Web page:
As millions of people turn to Facebook each day for socialization, reading the news, and posting funny pictures, employers are naturally concerned about how employee social media use reflects back on their company. The news is full of stories involving employees who were fired or at least put on probation for inflammatory or offensive material, but these firings are not always judged as legal or fair. Find out what makes it tricky to craft an employer social media policy so you can tread through this minefield carefully.
First, a policy regarding the consequences for behavior outside of work, including posts made on social media, must include specific examples of unacceptable behavior. Writing a general blanket policy that would allow the employer to pick and choose what's unacceptable may violate the requirements set by national labor boards and other groups. In order to come out ahead in a mediation situation or legal case, it's best to be as specific as possible and list exemptions as well. For example, mention that racist and sexist postings are specifically forbidden, or outline that employees shouldn't name the company when posting about work situations.
Fair Treatment Importance
Once you've set a social media policy, you must enforce it fairly across the entire body of employees. Even the CEO and highest-level executives must be held accountable to the same requirements set for an unpaid intern working with the company. By demonstrating a clear record of treating everyone in your company equally, you're not going to run afoul of a discrimination claim from a former or current employee who is reprimanded for something they post on social media. The policy itself should also outline how it will be applied evenly across the board so no one can claim they assumed they were exempt from its requirements.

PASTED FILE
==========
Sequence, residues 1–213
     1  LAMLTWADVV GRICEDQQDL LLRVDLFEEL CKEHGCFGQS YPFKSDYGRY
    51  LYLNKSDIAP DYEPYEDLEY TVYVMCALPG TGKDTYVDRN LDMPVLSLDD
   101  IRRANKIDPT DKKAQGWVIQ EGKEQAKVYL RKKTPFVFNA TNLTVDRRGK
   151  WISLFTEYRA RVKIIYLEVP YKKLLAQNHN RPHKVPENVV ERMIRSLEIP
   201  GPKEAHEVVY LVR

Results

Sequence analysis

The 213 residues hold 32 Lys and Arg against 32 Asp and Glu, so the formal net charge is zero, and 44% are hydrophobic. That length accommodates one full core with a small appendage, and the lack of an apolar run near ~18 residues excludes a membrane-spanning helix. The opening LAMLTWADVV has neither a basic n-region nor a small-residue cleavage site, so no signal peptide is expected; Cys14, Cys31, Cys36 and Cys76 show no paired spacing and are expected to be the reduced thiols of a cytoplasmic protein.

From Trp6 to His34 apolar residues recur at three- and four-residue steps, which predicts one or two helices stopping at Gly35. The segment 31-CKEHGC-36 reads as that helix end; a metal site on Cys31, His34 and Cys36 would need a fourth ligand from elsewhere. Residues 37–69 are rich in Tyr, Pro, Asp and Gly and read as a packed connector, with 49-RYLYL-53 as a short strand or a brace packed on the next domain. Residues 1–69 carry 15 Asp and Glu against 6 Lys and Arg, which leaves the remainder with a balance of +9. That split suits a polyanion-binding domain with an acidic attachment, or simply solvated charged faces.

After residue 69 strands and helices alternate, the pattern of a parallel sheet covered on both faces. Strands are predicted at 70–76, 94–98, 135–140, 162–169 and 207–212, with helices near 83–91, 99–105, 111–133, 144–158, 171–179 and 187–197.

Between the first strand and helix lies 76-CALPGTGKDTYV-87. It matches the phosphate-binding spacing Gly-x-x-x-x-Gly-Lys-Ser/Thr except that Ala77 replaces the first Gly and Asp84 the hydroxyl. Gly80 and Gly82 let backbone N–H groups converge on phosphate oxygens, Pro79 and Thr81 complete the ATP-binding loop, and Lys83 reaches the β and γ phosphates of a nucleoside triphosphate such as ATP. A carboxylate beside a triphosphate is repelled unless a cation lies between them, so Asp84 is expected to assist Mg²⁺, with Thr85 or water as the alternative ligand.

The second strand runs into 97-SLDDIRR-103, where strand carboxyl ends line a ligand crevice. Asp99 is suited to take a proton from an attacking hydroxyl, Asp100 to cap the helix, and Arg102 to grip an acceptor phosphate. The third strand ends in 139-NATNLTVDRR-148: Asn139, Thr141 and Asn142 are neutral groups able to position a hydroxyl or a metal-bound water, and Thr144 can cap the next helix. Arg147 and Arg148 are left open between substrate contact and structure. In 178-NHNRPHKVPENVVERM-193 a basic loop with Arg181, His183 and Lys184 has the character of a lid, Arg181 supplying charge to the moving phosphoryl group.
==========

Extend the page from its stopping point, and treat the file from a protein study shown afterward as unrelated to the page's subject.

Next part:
Not all companies and organizations have the same rights for limiting what their employees do and share outside of work hours. Recent cases show a trend to interpret public employees as preserving their rights to free speech even when their employers set a limiting clause on social media posts that contain negative material. Depending on who funds the company and how employees are hired, you may not be able to limit their ability to post anything they like during their own free time. Discuss your company's status with a lawyer, especially if you're in a gray zone like a non-profit organization or a limited-profit company.
For private companies, social media policies are not generally considered a constitutional issue as long as they're included as part of a hiring contract. It's not enforceable to simply set a new policy and expect all current employees to immediately follow it. Make sure an employer lawyer guides the process of establishing a new media policy in a business with many established employees so that there are no violations of due notice.
Finally, some states are establishing laws either in favor of employee free speech or the employer's right to maintain a certain image. For example, South Carolina is going as far as banning the use of social media while at work entirely unless it's necessary for the function of an employee's job. Other states are establishing rules that employees can post practically anything outside of work hours, and others set regulations based on whether the employee is clearly linked to the employer in some way during the offensive posting. Check into your state's current and pending laws regarding this crucial labor detail before determining what's legal in your state. Setting a policy that violates state laws will only make the policy impossible to enforce.
For more information and advice, contact an employment lawyer at a law firm like Mohajerian A Professional Law Corporation.Share